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Magnetoencephalography

Magnetoencephalography or MEG is a non-invasive neuroprosthetic technique which functions by measuring changes in the tiny electromagnetic field that surrounds the brain.

The problem that arises is that the electromagnetic field is weak compared to normal background noise. So, special highly sensitive detectors called superconducting quantum interference devices or SQUDS are used to minimise this ratio. Even so, they can only detect the field itself. Special algorithms are utilised to try and determine the rough location in the brain.

See Also: SQUIDS, Inverse Problem

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Magnetoencephalography

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(13/12/2012)
An important method for brain research and diagnosis is magnetoencephalography (MEG). But the MEG systems are so expensive that not all EU countries have one today. A group of Swedish researchers are now showing that MEG can be performed wi...


(01/12/2008)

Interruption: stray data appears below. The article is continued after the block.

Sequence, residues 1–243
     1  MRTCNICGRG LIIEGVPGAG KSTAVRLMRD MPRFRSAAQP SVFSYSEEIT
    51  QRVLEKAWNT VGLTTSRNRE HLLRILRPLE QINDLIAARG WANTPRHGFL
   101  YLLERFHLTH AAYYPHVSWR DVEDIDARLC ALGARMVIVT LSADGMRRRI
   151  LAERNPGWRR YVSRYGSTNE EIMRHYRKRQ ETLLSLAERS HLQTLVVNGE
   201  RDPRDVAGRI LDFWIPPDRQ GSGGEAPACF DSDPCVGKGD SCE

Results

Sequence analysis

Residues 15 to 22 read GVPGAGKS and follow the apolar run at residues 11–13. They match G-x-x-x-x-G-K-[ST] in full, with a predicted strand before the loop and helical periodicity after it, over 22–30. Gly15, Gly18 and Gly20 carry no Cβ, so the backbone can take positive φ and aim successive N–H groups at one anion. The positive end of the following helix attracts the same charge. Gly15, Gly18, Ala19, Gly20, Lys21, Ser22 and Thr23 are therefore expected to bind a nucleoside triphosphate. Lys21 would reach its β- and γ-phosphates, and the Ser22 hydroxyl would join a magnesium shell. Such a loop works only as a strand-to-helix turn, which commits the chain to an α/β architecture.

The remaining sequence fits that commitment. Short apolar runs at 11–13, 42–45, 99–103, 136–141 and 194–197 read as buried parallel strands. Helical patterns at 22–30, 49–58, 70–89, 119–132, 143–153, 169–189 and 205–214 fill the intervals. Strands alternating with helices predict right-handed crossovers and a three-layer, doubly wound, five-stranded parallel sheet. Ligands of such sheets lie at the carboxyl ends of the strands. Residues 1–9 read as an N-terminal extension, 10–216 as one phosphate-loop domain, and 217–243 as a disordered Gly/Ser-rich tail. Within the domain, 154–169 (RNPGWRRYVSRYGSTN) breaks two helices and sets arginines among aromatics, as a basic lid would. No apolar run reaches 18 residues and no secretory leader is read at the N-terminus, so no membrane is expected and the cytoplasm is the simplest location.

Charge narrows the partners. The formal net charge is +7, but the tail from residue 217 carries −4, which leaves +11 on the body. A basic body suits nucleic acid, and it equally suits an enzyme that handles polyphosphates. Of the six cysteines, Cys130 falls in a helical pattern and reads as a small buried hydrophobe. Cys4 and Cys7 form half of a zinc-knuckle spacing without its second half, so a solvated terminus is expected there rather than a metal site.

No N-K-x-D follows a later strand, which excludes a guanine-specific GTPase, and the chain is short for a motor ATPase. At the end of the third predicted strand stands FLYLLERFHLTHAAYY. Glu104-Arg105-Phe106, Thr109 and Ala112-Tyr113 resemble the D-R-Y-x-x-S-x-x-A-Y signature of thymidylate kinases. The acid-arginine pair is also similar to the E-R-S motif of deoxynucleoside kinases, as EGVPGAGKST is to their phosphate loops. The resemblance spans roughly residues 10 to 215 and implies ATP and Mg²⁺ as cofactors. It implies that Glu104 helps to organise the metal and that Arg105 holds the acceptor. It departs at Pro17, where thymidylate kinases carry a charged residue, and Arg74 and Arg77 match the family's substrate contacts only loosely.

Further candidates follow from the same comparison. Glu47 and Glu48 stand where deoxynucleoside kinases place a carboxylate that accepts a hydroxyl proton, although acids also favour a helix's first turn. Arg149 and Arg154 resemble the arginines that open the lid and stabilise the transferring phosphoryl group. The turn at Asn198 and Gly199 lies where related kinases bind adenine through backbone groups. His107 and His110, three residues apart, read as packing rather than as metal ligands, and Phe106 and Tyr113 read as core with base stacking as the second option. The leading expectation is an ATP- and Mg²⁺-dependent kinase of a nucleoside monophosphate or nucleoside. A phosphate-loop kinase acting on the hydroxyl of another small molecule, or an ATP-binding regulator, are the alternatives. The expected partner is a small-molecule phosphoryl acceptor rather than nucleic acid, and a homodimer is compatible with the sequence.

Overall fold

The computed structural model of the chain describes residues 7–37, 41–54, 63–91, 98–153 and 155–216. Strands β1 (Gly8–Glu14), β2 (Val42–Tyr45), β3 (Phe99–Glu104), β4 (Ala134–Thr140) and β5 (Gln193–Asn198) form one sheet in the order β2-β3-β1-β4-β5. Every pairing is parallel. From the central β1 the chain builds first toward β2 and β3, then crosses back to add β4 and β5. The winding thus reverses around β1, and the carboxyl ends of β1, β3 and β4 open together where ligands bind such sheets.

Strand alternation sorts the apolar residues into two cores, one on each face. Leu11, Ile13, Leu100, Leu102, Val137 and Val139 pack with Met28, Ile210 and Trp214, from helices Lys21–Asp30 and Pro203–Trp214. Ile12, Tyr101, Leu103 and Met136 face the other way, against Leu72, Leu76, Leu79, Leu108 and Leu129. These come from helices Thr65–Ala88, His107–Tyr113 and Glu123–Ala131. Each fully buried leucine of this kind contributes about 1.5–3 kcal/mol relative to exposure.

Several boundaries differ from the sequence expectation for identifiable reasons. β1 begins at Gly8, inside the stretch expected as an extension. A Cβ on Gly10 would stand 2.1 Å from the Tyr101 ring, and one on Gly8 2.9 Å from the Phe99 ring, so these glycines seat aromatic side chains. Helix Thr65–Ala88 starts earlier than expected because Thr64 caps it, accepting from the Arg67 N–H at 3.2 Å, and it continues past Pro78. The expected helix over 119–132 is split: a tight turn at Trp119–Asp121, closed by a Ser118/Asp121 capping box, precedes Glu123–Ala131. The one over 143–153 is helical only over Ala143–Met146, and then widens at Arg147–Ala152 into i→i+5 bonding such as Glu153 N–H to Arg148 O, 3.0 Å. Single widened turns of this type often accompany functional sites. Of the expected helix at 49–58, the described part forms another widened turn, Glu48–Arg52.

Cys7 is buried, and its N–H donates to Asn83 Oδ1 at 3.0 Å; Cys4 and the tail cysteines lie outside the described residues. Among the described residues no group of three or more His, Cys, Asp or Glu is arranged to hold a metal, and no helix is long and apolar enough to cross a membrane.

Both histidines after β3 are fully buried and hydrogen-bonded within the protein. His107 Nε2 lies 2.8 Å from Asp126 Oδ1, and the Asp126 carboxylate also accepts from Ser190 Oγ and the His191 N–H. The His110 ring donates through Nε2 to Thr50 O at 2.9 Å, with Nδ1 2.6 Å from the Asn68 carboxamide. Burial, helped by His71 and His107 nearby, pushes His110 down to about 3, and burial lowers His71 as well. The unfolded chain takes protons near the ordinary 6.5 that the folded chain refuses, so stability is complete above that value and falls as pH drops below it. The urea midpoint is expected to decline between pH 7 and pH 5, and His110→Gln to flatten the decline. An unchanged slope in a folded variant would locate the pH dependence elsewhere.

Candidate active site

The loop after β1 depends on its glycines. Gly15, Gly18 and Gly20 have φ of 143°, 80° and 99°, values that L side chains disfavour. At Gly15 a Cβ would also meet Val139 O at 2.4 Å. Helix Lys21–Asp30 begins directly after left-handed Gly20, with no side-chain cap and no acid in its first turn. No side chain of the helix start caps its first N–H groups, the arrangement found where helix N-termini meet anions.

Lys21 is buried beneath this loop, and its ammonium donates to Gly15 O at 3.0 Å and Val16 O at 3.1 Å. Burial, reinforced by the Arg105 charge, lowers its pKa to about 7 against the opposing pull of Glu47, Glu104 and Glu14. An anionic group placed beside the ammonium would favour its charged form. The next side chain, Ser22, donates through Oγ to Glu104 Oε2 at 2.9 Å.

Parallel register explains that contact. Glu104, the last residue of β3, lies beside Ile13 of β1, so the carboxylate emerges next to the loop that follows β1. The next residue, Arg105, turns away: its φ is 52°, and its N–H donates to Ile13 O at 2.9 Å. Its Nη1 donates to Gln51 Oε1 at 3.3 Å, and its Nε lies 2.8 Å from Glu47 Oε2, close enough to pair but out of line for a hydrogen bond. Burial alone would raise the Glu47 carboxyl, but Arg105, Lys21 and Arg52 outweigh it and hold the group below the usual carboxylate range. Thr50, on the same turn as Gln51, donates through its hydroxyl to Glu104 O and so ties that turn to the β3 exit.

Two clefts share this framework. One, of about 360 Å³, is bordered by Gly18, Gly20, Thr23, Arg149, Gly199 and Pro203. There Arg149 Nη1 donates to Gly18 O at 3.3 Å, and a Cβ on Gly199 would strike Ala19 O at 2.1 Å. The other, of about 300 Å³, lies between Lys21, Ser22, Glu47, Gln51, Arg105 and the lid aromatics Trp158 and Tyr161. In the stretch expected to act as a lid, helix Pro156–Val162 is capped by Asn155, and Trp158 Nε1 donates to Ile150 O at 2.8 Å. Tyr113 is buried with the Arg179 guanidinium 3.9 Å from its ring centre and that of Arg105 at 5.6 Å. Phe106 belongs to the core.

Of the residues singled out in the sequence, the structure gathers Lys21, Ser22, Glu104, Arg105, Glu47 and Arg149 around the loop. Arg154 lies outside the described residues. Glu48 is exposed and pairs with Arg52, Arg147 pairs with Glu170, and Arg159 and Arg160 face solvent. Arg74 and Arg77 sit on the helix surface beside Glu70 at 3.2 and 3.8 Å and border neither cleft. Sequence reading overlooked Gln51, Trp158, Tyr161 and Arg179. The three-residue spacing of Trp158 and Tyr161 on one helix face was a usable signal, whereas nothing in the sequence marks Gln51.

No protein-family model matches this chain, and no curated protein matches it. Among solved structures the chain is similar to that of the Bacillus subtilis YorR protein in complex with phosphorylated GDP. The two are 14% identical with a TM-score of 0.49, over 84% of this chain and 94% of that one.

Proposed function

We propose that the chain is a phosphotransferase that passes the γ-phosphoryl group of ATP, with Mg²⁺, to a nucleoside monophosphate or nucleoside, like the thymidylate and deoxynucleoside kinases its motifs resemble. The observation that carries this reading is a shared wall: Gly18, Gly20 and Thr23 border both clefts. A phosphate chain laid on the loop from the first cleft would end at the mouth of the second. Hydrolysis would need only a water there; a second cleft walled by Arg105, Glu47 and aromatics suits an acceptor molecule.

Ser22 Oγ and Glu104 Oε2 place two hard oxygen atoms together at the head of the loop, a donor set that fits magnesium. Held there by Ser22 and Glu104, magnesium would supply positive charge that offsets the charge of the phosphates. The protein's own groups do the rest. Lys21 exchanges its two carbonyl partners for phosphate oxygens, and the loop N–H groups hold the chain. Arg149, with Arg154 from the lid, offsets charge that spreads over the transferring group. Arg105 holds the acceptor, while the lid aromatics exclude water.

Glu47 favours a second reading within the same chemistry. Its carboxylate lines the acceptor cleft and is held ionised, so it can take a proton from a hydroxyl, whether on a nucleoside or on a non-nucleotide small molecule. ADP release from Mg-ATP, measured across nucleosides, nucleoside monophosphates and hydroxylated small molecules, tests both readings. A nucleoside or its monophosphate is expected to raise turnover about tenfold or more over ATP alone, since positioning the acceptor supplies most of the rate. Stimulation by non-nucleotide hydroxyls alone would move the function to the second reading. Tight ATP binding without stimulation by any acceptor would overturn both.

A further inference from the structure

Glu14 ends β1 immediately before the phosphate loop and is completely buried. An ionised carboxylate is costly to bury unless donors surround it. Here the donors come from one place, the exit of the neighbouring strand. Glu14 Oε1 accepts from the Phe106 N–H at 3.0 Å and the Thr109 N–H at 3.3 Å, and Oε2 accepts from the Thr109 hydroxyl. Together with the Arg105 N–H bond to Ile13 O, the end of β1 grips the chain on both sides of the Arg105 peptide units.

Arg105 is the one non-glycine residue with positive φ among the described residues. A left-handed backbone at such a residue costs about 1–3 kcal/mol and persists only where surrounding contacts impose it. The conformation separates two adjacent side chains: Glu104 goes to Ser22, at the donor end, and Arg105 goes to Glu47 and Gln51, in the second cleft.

Faint magnetic signals from brain activity in children with autism show that those children process sound and language differently from non-autistic children. Identifying and classifying these brain response patterns may allow researchers t...


(05/11/2007)
A tiny sensor that is not much bigger than a grain of rice can detect magnetic fields as weak as those produced by a mouse's heart.

The sensor, known as an atomic magnetometer, could be used sensing brain activity. It can de...


(03/10/2008)
Vahe Poghosyan and Andreas A. Ioannides at the RIKEN Brain Science Institute in Wako have announced what they believe to be proof that the sights or sounds a person is most focussed on, actually diminish processing of other sensory data of ...


(28/07/2012)
Researchers at Aalto University in Finland have developed the world's first device designed for mapping the human brain that combines whole-head magnetoencephalography (MEG) and magnetic resonance imaging (MRI) technology. MEG measures the...